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Love it or hate it, social media is everywhere. Whether you’re travelling, shopping or dining out you’re frequently assailed with invitations to ‘check in’, ‘tag friends’ or ‘post a review’. Regardless of whether you use social media in your personal life or are still firmly resisting the allure of Facebook, using social media to promote and grow your business is essential in the modern business world. But what are the best social media platforms for your particular business? And how do you use modern social media to your advantage?
Before deciding which social media networks you’re going to spend time and resources on you’ll need to decide what you want to achieve with social media. These goals should be specific and tied to a business objective. You can get more information about setting your social media goals in this article from Social Media Examiner. Once you’ve drawn up a list of goals read through the descriptions and examples below and see which network(s) align(s) with your requirements.
The oldest and probably most famous kid on the block, Facebook still has much to offer. Facebook offers you the chance to build a community around your business, gathering feedback, passing on useful and interesting information and handling complaints. It has an ad platform as well, which you can use to promote your content, such as blog posts, and the products you want to sell. The biggest drawback of Facebook is its lack of organic reach. This means that even if you have built up a large following on the site, very few people will see your posts unless you pay to promote them.
Twitter is essentially Facebook for those of few words. The platform allows users to send and receive 140-character messages and post links. This brevity is both Twitter’s strength and weakness. It allows you to communicate quickly, but with so many messages flashing past your tweets can get lost in the noise.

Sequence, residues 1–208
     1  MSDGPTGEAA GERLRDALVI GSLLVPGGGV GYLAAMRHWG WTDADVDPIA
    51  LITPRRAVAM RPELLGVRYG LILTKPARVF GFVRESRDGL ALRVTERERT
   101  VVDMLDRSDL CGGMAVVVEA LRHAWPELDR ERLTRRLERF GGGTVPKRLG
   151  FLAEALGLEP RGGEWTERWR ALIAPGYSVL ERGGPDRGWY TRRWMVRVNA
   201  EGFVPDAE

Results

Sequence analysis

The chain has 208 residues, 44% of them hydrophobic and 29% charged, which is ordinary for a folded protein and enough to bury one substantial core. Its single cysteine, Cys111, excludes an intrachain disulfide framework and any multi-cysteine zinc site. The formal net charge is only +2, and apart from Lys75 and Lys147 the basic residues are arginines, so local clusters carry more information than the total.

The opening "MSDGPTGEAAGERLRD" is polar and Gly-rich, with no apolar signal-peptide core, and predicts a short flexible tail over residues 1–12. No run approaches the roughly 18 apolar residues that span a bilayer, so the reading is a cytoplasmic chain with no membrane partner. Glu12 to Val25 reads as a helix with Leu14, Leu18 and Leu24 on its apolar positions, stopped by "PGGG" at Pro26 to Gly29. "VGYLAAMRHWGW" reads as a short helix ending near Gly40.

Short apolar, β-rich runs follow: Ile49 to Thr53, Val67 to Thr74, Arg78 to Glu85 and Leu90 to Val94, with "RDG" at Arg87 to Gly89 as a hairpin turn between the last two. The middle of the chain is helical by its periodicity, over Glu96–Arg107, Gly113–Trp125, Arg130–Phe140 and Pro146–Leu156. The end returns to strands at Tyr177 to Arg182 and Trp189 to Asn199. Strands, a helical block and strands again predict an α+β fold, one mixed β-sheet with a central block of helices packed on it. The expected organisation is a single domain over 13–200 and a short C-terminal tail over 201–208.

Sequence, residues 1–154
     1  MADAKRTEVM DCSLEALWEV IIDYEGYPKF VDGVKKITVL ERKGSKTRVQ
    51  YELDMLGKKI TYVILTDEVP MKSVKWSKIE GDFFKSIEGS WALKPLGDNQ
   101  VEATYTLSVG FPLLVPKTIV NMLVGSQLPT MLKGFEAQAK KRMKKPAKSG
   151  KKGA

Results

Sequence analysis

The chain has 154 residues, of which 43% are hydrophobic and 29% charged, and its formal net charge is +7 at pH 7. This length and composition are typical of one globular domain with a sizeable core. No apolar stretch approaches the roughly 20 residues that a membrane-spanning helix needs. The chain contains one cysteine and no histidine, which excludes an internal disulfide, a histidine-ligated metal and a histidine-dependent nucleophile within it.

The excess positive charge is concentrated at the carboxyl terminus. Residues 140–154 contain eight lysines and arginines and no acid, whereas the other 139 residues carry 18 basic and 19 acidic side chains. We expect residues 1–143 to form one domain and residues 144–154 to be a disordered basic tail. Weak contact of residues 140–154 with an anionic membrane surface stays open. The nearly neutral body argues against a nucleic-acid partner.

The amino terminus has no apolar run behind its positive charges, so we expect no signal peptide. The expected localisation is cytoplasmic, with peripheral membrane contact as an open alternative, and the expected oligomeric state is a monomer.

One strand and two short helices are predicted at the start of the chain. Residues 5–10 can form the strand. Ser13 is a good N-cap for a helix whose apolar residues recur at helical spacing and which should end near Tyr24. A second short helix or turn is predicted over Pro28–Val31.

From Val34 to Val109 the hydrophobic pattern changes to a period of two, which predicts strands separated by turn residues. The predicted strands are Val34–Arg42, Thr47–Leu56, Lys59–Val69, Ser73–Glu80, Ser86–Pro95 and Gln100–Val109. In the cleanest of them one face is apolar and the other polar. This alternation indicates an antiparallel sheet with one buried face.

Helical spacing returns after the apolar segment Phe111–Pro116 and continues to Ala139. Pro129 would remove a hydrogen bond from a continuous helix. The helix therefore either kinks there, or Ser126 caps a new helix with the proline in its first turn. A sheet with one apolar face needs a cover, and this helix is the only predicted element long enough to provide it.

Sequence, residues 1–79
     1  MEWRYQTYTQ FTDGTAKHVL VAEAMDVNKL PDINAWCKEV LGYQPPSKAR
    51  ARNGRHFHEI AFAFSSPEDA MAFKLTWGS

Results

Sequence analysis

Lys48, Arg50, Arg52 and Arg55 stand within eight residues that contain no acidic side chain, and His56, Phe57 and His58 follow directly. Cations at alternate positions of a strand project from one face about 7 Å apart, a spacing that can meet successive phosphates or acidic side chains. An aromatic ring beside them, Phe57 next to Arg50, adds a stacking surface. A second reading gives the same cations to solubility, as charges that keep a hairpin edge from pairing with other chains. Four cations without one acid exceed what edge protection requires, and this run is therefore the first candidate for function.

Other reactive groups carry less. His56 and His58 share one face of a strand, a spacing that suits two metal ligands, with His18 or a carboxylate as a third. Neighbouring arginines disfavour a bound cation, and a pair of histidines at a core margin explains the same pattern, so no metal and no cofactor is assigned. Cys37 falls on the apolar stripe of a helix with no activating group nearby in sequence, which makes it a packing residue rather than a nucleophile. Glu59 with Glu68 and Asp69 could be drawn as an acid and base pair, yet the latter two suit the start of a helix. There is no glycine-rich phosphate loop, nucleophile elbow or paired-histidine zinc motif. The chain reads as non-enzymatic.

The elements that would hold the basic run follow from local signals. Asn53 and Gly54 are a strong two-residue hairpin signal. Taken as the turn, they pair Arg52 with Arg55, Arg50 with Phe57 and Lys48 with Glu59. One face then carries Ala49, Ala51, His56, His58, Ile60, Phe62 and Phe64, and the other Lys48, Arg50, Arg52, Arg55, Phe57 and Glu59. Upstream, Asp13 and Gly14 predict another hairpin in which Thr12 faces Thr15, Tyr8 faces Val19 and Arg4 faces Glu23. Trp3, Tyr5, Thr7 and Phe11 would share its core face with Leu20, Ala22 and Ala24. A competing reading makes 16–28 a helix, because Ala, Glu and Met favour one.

It can be hard to promote your company directly on Twitter and many companies opt to use it for branding purposes. The site also has an ad platform, which you can use to promote content or sell products.
Instagram is an online portfolio of your pictures and short videos. If you have no physical product to sell, or don’t work in a visual medium, Instagram is probably not your best choice. There is some room for text, but don’t expect to be able to post long diatribes advertising your business. Showing, not telling, is the key to Instagram.
Google+ isn’t the as widely used as many of the social networks, but it does have its uses. Popular among online marketing professionals, so if you’re targeting that demographic, then you’ll find it can be a great place to share content and make connections. You can set up Google+ for your business via the Google My Business page.
Businesses with a physical location may also find Google+ useful as you have a chance of showing up in Google’s local search results. Secondly, it’s a good platform on which to gather reviews.
LinkedIn differs from other social media platforms because its focus is business to business, rather than business to consumer. Companies looking to hire might find it useful to set up a page, and for sole traders such as consultants, the ability to build and maintain connections with past, current and future clients is the main benefit.